Currently, Méndez is also working as a composer for a number of children’s animated series, such as the PBS Kids shows Alma's Way and Work It Out Wombats, as well as HBO Max's Mecha Builders. “For me, it's a new world, and it pushes me out of my comfort zone,” she admits. But how did Méndez get into composing for these shows? According to her, once again, “it was all because of the cuatro.” “I feel this gratitude and amazing connection with the instrument. I feel like everything that I've been able to achieve in my life has been because of this piece of wood that I love so much,” avows Méndez. “The first show that I started working on was Alma’s Way. And the reason they reached out to me is that the show is a story about a six-year-old girl from the Bronx who is Puerto Rican; they wanted to have some traditional sounds in the show. Lin Manuel Miranda is also on the show. He wrote the theme song. So there's hip hop, and then there are New York sounds, but they also wanted to have the traditional sounds because her grandparents were born on the island [of Puerto Rico].”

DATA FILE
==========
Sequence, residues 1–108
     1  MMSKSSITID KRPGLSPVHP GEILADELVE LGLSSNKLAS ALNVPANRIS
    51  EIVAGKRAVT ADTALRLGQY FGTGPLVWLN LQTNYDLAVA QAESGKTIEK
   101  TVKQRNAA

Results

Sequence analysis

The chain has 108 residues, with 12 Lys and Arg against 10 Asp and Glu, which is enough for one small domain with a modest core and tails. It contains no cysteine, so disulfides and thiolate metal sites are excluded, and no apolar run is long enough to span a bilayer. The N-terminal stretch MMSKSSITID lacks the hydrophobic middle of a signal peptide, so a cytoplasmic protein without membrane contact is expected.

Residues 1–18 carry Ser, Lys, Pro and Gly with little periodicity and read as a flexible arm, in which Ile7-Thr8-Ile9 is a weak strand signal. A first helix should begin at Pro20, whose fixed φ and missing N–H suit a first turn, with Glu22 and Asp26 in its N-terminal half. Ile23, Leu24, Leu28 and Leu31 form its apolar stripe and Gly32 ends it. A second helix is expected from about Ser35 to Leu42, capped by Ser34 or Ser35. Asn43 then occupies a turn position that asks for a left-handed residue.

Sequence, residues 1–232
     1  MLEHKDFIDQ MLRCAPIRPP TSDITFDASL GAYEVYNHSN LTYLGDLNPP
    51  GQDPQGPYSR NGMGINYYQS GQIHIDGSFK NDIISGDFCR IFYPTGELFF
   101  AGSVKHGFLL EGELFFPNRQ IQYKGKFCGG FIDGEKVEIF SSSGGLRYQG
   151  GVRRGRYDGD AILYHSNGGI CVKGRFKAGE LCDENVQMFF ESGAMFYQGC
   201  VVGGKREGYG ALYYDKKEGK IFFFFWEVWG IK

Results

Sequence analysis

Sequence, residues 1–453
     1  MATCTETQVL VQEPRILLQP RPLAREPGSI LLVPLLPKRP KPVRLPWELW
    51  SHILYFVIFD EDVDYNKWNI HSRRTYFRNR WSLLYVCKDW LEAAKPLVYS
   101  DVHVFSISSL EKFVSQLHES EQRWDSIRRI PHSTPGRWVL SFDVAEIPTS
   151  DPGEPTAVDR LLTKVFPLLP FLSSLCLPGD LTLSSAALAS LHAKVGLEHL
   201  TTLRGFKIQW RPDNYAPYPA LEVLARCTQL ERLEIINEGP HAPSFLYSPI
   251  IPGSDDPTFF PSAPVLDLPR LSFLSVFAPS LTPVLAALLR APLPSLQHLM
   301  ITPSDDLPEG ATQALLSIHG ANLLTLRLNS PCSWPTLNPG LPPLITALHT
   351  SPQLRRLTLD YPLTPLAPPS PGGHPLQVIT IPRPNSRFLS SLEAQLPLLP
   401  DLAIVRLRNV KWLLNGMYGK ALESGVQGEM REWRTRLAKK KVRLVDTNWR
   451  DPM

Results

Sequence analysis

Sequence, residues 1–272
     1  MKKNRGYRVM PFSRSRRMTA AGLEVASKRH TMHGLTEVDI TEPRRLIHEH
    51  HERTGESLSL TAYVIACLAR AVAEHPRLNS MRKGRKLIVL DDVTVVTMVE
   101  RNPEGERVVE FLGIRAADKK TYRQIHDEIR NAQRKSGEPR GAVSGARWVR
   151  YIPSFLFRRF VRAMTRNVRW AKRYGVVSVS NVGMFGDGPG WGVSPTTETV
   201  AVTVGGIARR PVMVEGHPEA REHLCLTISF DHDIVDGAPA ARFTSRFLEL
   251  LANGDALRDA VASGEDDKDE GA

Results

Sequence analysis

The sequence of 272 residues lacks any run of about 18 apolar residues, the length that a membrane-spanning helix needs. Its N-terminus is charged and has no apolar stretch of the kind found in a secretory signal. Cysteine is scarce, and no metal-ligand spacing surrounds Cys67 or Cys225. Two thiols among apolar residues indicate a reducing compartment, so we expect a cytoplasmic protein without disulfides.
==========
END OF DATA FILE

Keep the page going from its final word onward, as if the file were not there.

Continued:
Méndez also talked to us about her process as a composer, which, like her performance style, is heavily influenced by her time as a teacher. “I picked up so many tools that help me do what I do now as a composer for an animated TV series,” she says. “What are the melodies that children like? What are rhythms that they enjoy? You know, thinking about the intervals that fit better for children to sing— there are all these technical things that I can think about when writing music for children. Especially when the client says something like, ‘We want a song that is catchy!’ I have to figure out what that means. That can mean so much, but thinking about all those elements that children enjoy means using all the tools that I gathered as an educator. It just all connects.”
Below are some more highlights from our interview.